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Army Veteran Is About To Meet The Girl He Saved From Leukemia Two Years Ago


Army Veteran Is About To Meet The Girl He Saved From Leukemia Two Years Ago

Adriana was only four years old when her life was turned 180 degrees. She was diagnosed with leukemia and she didn’t respond well to treatment.

Three years later she’s alive and well, and today she is going to meet the man who saved her life.

After Specialist Mike Laureano completed 8 years with the National Guard, and a tour of duty in Iraq, he enrolled in classes at Wilmington University.

“I was actually going to class one day, and there was a table set up for Be The Match. At that point I knew nothing about the organization, prior.”

Be The Match, operated by the National Marrow Donor Program (NMDP), is a nonprofit organization that’s dedicated to helping every patient get the life-saving transplant they need. As trusted leaders in advancing treatments for those facing life-threatening blood cancers, they provide the ground-breaking research, innovative technologies, patient support and education that save lives.

When their 10-year-old daughter Laura was diagnosed with leukemia, Robert Graves, D.V.M., and his wife Sherry were ready to do anything they could to save her. Desperate to save her life they turned to alternative treatment options and agreed to try the first ever bone marrow transplant from an unrelated donor.

Laura received her transplant in 1979. And it worked. The success of the treatment inspired the Graves to give other families the same hope for a cure. Thanks to Dr. Graves, other patient families, doctors, congressional support and funding from the U.S. Navy, a national registry of volunteers willing to donate bone marrow was born.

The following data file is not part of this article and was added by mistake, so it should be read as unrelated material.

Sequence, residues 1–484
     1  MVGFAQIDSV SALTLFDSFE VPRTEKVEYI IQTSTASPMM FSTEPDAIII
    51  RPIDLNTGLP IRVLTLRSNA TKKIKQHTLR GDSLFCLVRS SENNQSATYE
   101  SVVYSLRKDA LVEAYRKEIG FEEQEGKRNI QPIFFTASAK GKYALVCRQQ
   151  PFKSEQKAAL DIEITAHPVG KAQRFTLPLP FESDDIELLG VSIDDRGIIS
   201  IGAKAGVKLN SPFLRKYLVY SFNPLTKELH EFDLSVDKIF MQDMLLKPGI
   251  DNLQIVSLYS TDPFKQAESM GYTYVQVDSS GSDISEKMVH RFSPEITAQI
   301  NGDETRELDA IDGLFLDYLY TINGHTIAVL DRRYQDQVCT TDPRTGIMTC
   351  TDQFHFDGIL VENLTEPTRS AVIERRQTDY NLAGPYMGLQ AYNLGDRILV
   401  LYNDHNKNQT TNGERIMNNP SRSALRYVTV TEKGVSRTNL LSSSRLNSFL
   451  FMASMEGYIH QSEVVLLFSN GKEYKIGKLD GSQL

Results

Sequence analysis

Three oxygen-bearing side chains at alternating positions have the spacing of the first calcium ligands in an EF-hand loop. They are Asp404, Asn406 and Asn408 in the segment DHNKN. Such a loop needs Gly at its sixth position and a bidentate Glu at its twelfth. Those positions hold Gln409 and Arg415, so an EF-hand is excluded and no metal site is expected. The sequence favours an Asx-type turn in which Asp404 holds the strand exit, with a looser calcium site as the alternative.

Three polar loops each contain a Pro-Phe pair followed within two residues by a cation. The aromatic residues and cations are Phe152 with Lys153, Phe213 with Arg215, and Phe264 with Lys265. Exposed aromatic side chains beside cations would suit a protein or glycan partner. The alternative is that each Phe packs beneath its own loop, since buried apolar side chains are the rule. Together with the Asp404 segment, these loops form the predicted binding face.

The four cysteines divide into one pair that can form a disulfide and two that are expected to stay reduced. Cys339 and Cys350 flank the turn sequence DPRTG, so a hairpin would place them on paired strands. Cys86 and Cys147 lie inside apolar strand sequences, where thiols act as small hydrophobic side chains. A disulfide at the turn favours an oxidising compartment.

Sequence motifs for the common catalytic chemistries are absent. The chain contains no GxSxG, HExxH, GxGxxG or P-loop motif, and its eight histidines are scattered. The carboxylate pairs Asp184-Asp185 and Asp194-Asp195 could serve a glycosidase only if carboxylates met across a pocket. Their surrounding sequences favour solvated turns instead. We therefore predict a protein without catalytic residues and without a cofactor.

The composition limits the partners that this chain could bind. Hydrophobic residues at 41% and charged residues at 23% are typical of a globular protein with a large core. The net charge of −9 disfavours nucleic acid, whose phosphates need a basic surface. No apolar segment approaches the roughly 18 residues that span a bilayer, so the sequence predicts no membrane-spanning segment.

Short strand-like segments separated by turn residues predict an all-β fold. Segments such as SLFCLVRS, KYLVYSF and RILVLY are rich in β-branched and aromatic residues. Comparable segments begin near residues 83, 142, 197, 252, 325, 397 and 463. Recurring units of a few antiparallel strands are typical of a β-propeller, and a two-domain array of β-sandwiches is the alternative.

Mike continues: “In my mind I pretty much just thought that If I did happen to match somebody it must’ve… it was meant to be.”

A year later, Mike got a voicemail from Be The Match. They told him that he may be a potential match for a three-year-old girl with leukemia.

Mike called back immediately without taking opinions of others. He said yes!

Mike went through the entire process knowing only a few details about the little whose life he was about to save.

U.S. laws require that donors and recipients have no communication before the transplant day.

During the first year after transplant, it’s possible to send cards and letters as long as it is kept anonymous. After the first year post-transplant, if both donor and recipient agree, names and contact information can be shared.

Two years after the surgery Mike received a Facebook message from Adriana’s mom. She send him videos and pictures of the girl he saved two years ago!

Finally they were about to meet.

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